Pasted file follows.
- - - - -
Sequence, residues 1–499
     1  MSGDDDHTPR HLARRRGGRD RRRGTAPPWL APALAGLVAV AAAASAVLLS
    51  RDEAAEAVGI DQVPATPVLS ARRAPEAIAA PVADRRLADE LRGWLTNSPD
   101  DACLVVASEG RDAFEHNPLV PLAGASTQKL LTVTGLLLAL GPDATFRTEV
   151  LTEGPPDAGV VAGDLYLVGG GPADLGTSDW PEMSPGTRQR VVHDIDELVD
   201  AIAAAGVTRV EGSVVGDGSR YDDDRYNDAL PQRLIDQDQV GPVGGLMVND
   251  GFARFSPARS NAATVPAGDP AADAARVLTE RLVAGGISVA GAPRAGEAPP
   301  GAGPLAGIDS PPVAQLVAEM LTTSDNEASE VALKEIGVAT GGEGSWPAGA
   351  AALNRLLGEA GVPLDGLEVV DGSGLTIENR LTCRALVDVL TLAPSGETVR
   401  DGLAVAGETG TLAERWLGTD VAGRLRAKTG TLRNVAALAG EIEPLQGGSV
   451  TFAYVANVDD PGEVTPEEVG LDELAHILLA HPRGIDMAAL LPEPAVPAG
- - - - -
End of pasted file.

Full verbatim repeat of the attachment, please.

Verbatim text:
Sequence, residues 1–499
     1  MSGDDDHTPR HLARRRGGRD RRRGTAPPWL APALAGLVAV AAAASAVLLS
    51  RDEAAEAVGI DQVPATPVLS ARRAPEAIAA PVADRRLADE LRGWLTNSPD
   101  DACLVVASEG RDAFEHNPLV PLAGASTQKL LTVTGLLLAL GPDATFRTEV
   151  LTEGPPDAGV VAGDLYLVGG GPADLGTSDW PEMSPGTRQR VVHDIDELVD
   201  AIAAAGVTRV EGSVVGDGSR YDDDRYNDAL PQRLIDQDQV GPVGGLMVND
   251  GFARFSPARS NAATVPAGDP AADAARVLTE RLVAGGISVA GAPRAGEAPP
   301  GAGPLAGIDS PPVAQLVAEM LTTSDNEASE VALKEIGVAT GGEGSWPAGA
   351  AALNRLLGEA GVPLDGLEVV DGSGLTIENR LTCRALVDVL TLAPSGETVR
   401  DGLAVAGETG TLAERWLGTD VAGRLRAKTG TLRNVAALAG EIEPLQGGSV
   451  TFAYVANVDD PGEVTPEEVG LDELAHILLA HPRGIDMAAL LPEPAVPAG